A SECOND education union is due to ballot around 400 teachers this month on potential industrial action.
The National Education Union said it would continue to engage with the government through mediation talks – confirmed for 5 June – but described the current pay offer as ‘inadequate’.
Senior regional officer Nick Childs said: ‘We hope that a dispute can be avoided, and it is with regret that our members feel they have no alternative but to hold a ballot for industrial action. We are continuing to engage with the government via the Jersey Arbitration and Conciliation Service and will continue to try and reach a negotiated pay settlement that is fair and halts the pay erosion in the profession. However, there should be no illusions about the resolve of teachers to tackle the cost-of-living crisis in the classroom.’
The announcement follows a report in yesterday’s JEP that the NASUWT was poised to ballot its members on action that could disrupt schools later this term and in the autumn.
The NEU’s joint district and branch secretary Adrian Moss said that the current disquiet felt by teachers should be viewed against a backdrop of increasing pressure on staff.
He claimed that pupils from different year groups had, on occasions, been combined into single classes and that more than one course had been taught to different groups within the same room.
He added that the union did not have details of how often this had taken place but said that ‘to the extent that it was happening at all, it was something to be concerned about’.
The JEP approached the government but had received no response by publication deadline.
Mr Moss said: ‘These are the very real pressures that teachers are having to manage due to the pressures on the Jersey education system that have been years in the making.’
Commenting on discussions with the teaching unions, St John Constable Mr Jehan, who is the vice chair of the States Employment Board, confirmed that the government had agreed to mediation.
Mr Jehan said: ‘We have set out the financial position which has included significant investment in education and additional classroom and administrative support. Additionally, I have already stated in the Assembly that we are committed to reviewing terms and conditions for teachers and we have recently increased parental leave that has a cost of 2%.’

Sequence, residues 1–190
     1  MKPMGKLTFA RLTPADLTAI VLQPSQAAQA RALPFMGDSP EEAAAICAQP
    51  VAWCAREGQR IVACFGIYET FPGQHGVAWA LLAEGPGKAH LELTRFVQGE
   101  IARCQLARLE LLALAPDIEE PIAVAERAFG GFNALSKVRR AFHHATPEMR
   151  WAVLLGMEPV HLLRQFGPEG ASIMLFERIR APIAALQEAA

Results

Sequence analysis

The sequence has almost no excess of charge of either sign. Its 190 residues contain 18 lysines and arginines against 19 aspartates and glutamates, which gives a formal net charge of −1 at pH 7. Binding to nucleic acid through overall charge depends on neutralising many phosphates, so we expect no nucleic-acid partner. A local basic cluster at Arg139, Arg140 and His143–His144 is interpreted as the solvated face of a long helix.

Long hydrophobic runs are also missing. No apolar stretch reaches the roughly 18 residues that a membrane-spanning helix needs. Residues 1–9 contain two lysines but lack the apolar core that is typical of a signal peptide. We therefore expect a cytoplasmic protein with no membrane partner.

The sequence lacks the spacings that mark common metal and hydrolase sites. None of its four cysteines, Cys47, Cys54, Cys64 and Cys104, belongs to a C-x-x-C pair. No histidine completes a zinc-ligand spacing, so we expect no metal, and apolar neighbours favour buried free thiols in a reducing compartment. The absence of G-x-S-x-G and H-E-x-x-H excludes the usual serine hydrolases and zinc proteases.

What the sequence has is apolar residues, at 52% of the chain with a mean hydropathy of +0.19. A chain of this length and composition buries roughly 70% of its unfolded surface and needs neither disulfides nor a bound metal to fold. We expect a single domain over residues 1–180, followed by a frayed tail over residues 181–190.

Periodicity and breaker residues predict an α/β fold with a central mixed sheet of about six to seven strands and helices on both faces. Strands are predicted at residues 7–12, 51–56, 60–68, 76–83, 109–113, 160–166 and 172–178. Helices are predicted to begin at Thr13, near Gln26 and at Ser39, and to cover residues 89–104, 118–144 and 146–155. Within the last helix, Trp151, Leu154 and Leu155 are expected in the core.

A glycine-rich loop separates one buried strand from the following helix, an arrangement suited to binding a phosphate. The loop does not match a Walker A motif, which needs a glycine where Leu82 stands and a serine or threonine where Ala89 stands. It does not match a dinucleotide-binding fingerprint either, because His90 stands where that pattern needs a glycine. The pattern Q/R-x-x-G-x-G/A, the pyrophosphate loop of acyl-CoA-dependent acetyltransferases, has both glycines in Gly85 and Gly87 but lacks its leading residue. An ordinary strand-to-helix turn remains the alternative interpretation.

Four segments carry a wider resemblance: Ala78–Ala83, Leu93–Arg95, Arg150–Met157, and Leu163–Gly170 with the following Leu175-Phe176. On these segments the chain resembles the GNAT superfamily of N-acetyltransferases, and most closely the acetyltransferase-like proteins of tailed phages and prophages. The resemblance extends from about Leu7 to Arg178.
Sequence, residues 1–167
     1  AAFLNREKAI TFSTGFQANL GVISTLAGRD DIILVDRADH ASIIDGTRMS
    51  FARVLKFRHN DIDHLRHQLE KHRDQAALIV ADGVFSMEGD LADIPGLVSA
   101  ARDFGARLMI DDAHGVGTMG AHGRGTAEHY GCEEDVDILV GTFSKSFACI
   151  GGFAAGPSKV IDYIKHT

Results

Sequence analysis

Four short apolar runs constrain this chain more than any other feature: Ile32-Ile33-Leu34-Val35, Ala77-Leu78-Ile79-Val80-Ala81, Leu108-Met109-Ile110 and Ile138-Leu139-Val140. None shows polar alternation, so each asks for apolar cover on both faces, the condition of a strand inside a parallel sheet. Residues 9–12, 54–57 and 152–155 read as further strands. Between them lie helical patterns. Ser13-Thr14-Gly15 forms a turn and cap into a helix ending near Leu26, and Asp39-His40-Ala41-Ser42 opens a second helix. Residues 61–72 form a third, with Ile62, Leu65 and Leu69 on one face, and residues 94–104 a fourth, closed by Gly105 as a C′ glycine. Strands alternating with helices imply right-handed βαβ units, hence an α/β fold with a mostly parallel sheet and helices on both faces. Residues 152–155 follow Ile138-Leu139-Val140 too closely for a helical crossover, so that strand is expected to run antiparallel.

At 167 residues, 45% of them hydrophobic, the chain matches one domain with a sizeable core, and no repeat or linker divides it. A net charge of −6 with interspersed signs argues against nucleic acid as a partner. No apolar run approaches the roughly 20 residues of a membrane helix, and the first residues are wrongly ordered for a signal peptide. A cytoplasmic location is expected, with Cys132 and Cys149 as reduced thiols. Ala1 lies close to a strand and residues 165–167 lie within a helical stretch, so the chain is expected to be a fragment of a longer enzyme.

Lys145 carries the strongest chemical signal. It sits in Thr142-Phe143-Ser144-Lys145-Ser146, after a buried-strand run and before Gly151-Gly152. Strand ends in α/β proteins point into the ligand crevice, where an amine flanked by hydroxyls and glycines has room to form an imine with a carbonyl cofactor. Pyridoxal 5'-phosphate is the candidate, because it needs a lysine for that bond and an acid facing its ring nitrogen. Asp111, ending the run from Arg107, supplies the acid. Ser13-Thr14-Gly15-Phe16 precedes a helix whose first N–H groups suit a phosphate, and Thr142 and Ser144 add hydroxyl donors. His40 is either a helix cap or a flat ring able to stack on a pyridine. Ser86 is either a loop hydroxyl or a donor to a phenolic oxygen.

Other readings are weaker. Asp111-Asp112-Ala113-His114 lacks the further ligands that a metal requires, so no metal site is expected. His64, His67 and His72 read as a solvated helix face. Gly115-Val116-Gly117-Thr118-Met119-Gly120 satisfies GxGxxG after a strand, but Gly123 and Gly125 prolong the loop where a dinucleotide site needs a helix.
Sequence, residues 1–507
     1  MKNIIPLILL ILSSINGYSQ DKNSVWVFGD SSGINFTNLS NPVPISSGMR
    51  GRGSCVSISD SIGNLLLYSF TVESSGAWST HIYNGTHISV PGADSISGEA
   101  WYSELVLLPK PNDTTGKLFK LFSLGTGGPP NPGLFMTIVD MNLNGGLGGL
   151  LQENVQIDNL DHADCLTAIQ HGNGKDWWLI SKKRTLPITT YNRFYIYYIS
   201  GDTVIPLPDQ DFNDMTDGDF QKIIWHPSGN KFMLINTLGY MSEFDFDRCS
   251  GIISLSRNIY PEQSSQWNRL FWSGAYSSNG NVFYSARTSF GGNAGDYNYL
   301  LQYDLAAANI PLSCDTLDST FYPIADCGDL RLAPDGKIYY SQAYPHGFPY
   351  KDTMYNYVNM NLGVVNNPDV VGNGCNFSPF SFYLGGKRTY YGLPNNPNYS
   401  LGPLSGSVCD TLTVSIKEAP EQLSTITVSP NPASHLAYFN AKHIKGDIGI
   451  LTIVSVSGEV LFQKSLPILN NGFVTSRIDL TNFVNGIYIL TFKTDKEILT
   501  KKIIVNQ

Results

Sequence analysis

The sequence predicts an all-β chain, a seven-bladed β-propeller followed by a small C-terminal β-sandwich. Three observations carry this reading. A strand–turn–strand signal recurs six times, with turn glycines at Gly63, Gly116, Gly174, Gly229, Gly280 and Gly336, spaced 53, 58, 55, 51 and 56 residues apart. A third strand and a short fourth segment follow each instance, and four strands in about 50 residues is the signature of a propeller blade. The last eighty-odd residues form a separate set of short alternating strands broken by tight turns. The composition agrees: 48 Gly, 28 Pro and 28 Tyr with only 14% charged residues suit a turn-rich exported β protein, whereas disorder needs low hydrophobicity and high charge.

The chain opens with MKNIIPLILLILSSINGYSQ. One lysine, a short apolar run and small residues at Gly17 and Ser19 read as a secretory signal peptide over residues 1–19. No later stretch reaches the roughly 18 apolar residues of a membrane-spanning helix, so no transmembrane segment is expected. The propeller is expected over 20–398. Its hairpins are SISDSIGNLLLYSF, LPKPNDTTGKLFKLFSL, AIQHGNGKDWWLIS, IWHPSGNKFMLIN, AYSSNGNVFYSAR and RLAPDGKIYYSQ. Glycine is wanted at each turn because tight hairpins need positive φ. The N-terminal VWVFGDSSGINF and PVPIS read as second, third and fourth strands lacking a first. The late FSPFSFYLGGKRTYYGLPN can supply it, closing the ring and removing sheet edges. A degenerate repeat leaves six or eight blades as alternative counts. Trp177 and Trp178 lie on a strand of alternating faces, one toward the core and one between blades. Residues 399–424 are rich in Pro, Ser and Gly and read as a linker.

He added: ‘Teachers were offered a single payment of £4,250 (consolidated) that would have equated to 12.1% for their lower-paid members. Some teachers will also receive an additional uplift in their pay through progression through the pay spines. Teaching assistants, lunchtime supervisors, caretakers and other education staff working alongside teachers have all accepted the 7.9% increase. As with all negotiations undertaken in good faith, we do not intend to play them out in the public domain, but we will continue to meet with unions and engage positively with them in order to reach a successful resolution.’
Meanwhile, responding to concerns about teacher vacancies, Education Minister Inna Gardiner said it was too early to give an accurate prediction on how many staff might leave their roles in government-provided schools this year. The final resignation deadline for the current academic year is the end of this month.
But Deputy Gardiner said recruitment and retention remained one of her top priorities, and that she would be making proposals for further investment in the school workforce in the 2024 to 2027 Government Plan.
‘Funding approved in recent government plans has resulted in an increase in school budgets of over £10m from 2021 to 2023, much of which is invested in additional staff. In 2023 alone, we have been successful in recruiting 40 teaching assistants (started and offer accepted) with 14 more at interview stages, as well as 11 primary-school teachers with 14 more at interview stages,’ she said.
But she added that it was important to understand that vacancies within schools did not only comprise those deciding to leave their posts but also others taking parental leave or moving within schools.
‘In the same period that 36 teachers left, an additional 47 teachers took parental leave. Add to this the number of vacancies created by internal moves, and it is clear that leavers trigger fewer than half of all vacancies advertised,’ Deputy Gardiner said.